Monday, August 25, 2008

HEIDI'S PICK SIX - Robin Wasserman

Robin Wasserman_Heidi's Pick SixRobin Wasserman
1. Which of your characters is your favorite?
This question is harder than I thought it would be, but I think it's got to be Harper Grace, the main character in the Seven Deadly Sins series. Harper is the first real character I ever created (at least the first one who ever got to star in her own book). Several years ago, back when I thought being a writer was just a ridiculous fantasy that I would eventually have to forget about, her name popped into my head, attached to a character: a spoiled, insecure girl who expects the world to give her what she deserves -- but deep down, isn't sure what that really is. The world of the Deadly Sins -- the setting, the other characters, the plot -- all unfurled from that one character. And that eventually became my first book series. So I guess I owe Harper Grace my career!

2. Tell me about your travels.
Last May I spent a month (ie, best month of my life) in Paris. I rented an apartment on the left bank, a couple blocks away from the river, and spent my time writing in cafes, getting lost on purpose (and by accident), eating large quantities of crepes, Nutella, and croissants, picnicking along the banks of the Seine, and understanding about 1 in 100 things that anyone said. I used to think that New York, where I live now, was the greatest city on earth. It turns out I was wrong.

3. Coffee, tea, or milk?
Milk, but only if it's *chocolate* milk. Preferably the kind you get at a diner, when the chocolate syrup is so thick you have to stir it in yourself, and even then it still coats the sides of the glass.

4. What else can you do besides write?
Alas, nothing that anyone would pay me to do, so let's hope this writing thing works out. But I do have, let's call them talents. I can: play the piano, juggle three balls for a minute or two, yo-yo, cook a mean baked ziti, recite most of the state capitols and all of the countries in South America from memory, speak French (a little), speak German (a very little), and explain the theory of relativity and the Copenhagen Interpretation of quantum mechanics.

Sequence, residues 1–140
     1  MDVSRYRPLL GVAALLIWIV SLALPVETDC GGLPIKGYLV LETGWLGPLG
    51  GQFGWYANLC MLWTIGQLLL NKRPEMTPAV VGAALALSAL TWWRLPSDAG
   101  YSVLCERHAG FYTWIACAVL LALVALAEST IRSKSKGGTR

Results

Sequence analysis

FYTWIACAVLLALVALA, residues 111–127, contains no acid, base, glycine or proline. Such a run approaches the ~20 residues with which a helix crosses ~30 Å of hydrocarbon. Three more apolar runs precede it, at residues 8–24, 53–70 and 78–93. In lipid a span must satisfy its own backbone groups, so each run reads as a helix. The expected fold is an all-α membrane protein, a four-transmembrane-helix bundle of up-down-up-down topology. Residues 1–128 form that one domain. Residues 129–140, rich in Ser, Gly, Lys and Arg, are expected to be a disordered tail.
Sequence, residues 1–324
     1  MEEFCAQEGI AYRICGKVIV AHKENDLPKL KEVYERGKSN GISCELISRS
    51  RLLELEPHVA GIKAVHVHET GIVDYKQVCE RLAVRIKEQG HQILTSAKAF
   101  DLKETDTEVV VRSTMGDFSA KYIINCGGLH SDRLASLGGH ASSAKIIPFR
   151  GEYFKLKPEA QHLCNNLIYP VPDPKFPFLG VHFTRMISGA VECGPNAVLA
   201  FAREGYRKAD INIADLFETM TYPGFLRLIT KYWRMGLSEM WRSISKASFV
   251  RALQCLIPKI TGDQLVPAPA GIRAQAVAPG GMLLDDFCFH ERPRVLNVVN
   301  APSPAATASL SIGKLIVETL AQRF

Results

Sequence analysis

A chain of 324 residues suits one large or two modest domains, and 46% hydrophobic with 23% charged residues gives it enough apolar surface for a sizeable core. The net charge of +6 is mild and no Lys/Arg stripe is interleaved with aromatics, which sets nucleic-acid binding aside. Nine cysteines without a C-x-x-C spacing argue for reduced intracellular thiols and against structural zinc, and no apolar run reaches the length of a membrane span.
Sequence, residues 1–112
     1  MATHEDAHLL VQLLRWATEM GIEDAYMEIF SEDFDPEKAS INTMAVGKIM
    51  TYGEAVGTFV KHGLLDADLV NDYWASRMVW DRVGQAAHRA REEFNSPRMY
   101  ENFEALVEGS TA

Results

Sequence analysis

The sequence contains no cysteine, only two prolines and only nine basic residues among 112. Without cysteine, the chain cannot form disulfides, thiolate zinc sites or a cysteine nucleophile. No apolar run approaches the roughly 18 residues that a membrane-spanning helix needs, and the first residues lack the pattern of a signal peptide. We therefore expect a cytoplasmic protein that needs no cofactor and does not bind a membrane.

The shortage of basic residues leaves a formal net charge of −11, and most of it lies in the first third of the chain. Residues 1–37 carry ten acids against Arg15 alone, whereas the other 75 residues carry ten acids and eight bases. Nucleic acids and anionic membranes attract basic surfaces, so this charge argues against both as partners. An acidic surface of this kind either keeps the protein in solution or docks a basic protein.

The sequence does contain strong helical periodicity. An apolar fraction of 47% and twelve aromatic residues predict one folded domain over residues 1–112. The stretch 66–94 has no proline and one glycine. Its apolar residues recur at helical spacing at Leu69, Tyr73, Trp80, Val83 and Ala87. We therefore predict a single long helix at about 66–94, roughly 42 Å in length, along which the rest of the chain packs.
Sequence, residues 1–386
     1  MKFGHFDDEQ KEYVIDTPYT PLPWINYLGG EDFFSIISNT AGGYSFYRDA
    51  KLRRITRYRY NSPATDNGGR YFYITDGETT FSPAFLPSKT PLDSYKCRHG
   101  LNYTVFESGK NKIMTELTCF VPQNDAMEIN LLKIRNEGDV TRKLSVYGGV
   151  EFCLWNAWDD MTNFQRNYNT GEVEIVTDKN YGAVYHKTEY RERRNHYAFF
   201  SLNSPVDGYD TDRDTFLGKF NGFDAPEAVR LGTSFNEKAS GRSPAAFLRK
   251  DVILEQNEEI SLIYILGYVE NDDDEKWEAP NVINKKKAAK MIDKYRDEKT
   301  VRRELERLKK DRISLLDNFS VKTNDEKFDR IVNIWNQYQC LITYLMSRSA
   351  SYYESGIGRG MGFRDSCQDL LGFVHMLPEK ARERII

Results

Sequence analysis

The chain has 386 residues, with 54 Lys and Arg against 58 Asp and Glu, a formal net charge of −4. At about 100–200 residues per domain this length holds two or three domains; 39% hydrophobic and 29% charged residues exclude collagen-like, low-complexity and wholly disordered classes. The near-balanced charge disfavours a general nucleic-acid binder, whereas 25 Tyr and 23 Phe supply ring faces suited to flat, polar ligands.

5. Who are you reading right now?
6. Pop culture or academia?
7. What is the toughest scene you ever wrote?
8. Where do you find your inspirations to write?

9. Food you could eat everyday.
Chips and salsa and some homemade guacamole. I think I could also eat a fresh tomato and mozzarella sandwich every day for a few years before I got bored. (Actually, I did eat a peanut butter sandwich for lunch every day for eleven years -- ages 3 through 13.)

10. Are you into sports or other physical activities?
11. What kind of music speaks to you?
12. Do you outline your stories or do they just take you along for the ride?

13. Celebrity crush.
Robert Downey Jr.'s been at the top of that list for a while now, but Neil Patrick Harris is making a run for second place. (If you saw him in Joss Whedon's "Dr. Horrible's Sing-A-Long Blog," you know why.) However -- Nathan Fillion, Hugh Laurie, or guy-who-plays-Chuck-on-Gossip Girl, if you're reading this? You should also feel free to call me!

14. Who are the biggest influences on your work?
15. Do you still watch cartoons?

Robin Wasserman grew up in suburban Philadelphia. Every day she wished she would get a dog, get better hair, and grow up to be a writer who lived in New York and ate pasta for dinner every night.

She never got the golden retriever, but the rest of it came true (even the part about the pasta, at least most nights).

Robin penned the Seven Deadly Sins series. Her latest release is Skinned.

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Thursday, August 21, 2008

Conference: 2008 WPF In Your Write Mind Retreat and Seton Hill Residency


Almost There Panel_June 2008Almost There Panel at WPF In Your Write Mind Retreat and Conference from L to R: Heidi Ruby Miller, J. A. Konrath, Uwe Stender of TriadaUS Literary Agency, Jason Jack Miller, and K. J. Howe

We had a full schedule of workshops and panels at the Seton Hill WPF In Your Write Mind Retreat and Conference, as well as thesis readings and graduation for the WPF Graduate Residency, which was running concurrently.

I moderated the "Almost There" panel about those of us in the middle stages of the novel publishing process: after the classes have been taken, the books have been written, and the queries sent out, how do you keep up your momentum?

Here are a few other photos from the residency and retreat.

Red Star_WPF Retreat 2008WPF attendees at Red Star

Red Star2_WPF Retreat 2008WPF attendees at Red Star

Tim Esaias_WPF Retreat 2008WPF mentor Timons Esaias at Adrienne Kapp's thesis defense

Adrienne Kapp Thesis_June 2008WPF graduate Adrienne Kapp at her thesis defense

Grad Luncheon_WPF Retreat 2008Seton Hill WPF graduate luncheon

Grad Luncheon2_WPF Retreat 2008Seton Hill Writing Popular Fiction graduate luncheon

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Saturday, August 16, 2008

From The Authors Guild: Accounting Practices of F&W Publishing and Adams Media

I received this recently via email from The Authors Guild: